I wish I had learned about the power of compounding a long time ago. As a kid I walked dogs in the neighborhood, earning $5 a week. If I'd started investing that weekly $5 from age nine until 65, it would have grown to $254,000, assuming an 8 percent return.
Unfortunately, I didn't catch compounding fever until much later. Because money was tight when I was starting my career, I missed out on maximizing my first few years of 401(k) contributions, which would have made a huge difference at retirement.
But on a positive note, my 11-year-old son learned from my mistakes and socks away his $10 weekly newspaper delivery salary, which he earns in addition to his allowance. My wife and I sweeten the pot by matching his savings in an IRA we opened for him. I suspect my daughter will follow suit when she's old enough to get a part-time job.
So what is compounding? Basically, it's where you put aside money -- whether in savings, a retirement account or the stock market -- and then essentially leave it alone. As your account earns interest or dividends, you continually reinvest those profits, thereby generating (compounding) additional earnings at an accelerated rate.
Numerous interactive calculators are available online to help you estimate potential savings under different scenarios. I used several from Dinkytown in the following examples, but similar tools are located on financial and investment sites across the Web. (It's worth noting that although the 8 percent interest yield I use in the examples below may seem high in today's market, historically the S&P 500 Index has experienced a 9.5 percent annualized return over the last 100 years.)
How investments grow over time. Using the Compound Interest and Your Return calculator, you can estimate how quickly a one-time investment will grow at varying interest rates and periods of time. For example, a $10,000 investment earning 8 percent compounded quarterly would be worth $22,080 after 10 years; $48,754 after 20 years; and $107,652 after 30 years.
Escalating impact of regular monthly savings. If you can set money aside every month, your savings will grow even faster. According to the Cool Million calculator, if you began saving $100 a month at age 21 and earned 8 percent interest, by 65 your account would be worth about $447,000. Increasing the monthly contribution to $200 would double that to about $893,000. And, by saving $300 a month, you'd reach $1 million by age 61.
Interest rates matter. The riskier the investment, the greater your potential gains -- and losses. For example, regular savings accounts typically offer very low interest rates in exchange for very low risk of loss. On the other hand, investing in the stock market can potentially earn double-digit investment rates over long periods of time. Of course, stocks can be a risky short-term investment, as we've seen in the past few years.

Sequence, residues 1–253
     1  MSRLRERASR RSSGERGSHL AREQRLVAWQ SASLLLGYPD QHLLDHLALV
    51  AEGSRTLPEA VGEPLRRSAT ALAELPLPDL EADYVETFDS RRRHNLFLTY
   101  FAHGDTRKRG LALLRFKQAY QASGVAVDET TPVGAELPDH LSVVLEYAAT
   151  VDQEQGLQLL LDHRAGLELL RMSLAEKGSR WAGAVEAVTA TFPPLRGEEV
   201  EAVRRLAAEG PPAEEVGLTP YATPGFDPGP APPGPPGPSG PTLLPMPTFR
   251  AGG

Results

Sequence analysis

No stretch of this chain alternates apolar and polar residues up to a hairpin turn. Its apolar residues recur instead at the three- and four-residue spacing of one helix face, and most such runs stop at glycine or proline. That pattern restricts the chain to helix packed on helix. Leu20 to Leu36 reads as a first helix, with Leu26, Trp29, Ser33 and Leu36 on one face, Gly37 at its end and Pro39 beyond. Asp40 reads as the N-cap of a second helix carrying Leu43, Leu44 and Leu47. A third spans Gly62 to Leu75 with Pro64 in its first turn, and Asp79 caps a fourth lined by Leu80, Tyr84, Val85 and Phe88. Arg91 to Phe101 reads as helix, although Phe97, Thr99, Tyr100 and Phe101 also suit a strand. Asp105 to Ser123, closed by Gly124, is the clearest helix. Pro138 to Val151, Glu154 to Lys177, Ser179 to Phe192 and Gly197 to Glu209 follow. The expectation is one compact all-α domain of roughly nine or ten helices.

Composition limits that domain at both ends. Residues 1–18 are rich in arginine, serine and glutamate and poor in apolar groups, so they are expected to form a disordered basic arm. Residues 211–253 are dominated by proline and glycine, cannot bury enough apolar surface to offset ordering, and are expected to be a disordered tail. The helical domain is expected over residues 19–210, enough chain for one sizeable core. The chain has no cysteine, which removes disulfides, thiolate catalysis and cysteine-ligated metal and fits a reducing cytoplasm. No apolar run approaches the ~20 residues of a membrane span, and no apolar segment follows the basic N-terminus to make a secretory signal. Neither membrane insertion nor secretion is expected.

So why not simply park your money in a safe haven? Simple: inflation. If your money is earning 2 percent interest but the inflation rate is 3 percent, you'll actually net a 1 percent loss.
Using the Cool Million $100-a-month example above, if you expect to earn 8 percent interest but factor in a 3.1 percent expected annual inflation rate (the overall average rate since 1925), your account balance at age 65 would be worth more like $117,000 in today's dollars, versus the $447,000 amount unadjusted for inflation. Furthermore, by reducing the expected annual interest rate to only 4 percent, your account balance would drop to around $141,000 -- or only $37,000 after adjusting for inflation.
Postponing savings can hurt. The longer you delay saving, the harder it is to catch up. According to the Don't Delay Your Savings! calculator, if you save $200 a month at 8 percent interest, after 30 years your account would be worth $283,522. But wait only two years to begin saving and that balance would shrink to only $238,612 -- that's $44,910 less. A five-year delay would knock it down to only $182,968.
A good financial advisor can help you devise a well-diversified investment strategy that will help you balance your appetite for risk with methods to beat inflation. If you don't already have a financial planner, the Financial Planning Association is a good place to start your search.
To watch easy-to-follow videos showing how compound interest works, as explained by a mathematician from the renowned Khan Academy, visit Practical Money Skills for Life, a free personal financial management program run by my employer, Visa Inc.
Bottom line: Don't procrastinate on starting to save. And get your kids on the compounding bandwagon as well; they'll thank you once they reach your age.
This article is intended to provide general information and should not be considered legal, tax or financial advice. It's always a good idea to consult a legal, tax or financial advisor for specific information on how certain laws apply to you and about your individual financial situation.
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